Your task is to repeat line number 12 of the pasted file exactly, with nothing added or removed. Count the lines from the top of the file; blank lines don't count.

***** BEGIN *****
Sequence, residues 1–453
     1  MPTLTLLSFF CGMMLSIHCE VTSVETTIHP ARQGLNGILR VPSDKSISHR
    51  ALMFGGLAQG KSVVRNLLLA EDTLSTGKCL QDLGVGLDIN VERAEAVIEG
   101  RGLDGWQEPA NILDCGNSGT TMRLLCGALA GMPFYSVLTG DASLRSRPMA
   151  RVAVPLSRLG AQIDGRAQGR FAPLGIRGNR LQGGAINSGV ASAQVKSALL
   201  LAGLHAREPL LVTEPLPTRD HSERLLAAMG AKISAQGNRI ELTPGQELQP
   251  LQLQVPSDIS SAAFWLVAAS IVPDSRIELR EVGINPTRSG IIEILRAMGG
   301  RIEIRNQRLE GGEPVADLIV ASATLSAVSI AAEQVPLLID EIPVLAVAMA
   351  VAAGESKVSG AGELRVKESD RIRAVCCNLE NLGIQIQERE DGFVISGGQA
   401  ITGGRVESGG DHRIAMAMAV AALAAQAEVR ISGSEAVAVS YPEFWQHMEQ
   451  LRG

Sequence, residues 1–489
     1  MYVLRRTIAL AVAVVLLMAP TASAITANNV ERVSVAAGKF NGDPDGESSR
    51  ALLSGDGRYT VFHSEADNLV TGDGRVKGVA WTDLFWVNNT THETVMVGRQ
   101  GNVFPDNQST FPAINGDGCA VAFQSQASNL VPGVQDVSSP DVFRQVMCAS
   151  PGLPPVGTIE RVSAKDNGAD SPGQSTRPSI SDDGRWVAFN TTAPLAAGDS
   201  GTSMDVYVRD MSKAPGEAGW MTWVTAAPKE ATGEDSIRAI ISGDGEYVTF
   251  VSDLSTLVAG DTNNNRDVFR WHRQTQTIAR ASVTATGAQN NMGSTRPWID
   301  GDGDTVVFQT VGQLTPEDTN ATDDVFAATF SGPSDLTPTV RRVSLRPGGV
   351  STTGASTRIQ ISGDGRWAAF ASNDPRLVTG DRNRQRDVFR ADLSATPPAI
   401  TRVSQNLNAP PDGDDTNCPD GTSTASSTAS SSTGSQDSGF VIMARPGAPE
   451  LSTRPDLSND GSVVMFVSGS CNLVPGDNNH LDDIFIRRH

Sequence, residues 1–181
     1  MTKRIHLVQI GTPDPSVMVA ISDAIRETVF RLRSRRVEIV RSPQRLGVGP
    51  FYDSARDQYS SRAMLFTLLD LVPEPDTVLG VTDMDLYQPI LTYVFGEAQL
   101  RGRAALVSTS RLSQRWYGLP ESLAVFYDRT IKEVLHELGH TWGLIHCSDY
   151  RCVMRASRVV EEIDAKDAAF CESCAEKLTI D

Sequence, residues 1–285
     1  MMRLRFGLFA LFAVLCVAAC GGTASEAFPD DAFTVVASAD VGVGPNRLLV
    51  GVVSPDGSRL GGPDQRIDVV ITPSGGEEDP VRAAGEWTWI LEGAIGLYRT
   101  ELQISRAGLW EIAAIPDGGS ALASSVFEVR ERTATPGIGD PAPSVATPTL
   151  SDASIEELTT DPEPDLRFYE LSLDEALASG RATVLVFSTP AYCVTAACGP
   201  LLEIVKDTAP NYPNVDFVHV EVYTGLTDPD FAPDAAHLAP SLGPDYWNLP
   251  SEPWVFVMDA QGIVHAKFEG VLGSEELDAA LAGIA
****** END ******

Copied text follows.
Sequence, residues 1–489